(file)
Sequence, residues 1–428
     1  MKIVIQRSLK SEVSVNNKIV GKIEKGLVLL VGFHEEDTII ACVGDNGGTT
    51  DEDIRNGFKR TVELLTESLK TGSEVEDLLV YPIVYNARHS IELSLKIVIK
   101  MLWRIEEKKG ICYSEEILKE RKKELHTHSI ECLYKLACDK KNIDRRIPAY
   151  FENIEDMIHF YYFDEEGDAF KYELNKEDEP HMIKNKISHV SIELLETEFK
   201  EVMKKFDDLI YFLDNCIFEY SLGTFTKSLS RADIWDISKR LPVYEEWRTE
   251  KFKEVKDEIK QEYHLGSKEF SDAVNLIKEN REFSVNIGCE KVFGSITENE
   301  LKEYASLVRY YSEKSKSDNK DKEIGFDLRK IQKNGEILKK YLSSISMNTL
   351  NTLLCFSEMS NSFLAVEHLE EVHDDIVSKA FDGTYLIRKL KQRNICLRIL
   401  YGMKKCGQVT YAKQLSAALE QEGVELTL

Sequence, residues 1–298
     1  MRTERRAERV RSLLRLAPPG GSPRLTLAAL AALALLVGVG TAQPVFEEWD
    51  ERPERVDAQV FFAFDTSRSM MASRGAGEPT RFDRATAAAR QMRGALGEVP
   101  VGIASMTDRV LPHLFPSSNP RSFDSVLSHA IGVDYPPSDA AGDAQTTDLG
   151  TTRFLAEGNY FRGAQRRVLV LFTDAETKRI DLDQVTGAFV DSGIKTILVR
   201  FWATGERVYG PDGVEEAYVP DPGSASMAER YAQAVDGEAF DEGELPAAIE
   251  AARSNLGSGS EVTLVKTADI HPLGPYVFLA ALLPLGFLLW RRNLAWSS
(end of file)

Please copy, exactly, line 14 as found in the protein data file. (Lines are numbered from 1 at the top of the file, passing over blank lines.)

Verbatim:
   101  VGIASMTDRV LPHLFPSSNP RSFDSVLSHA IGVDYPPSDA AGDAQTTDLG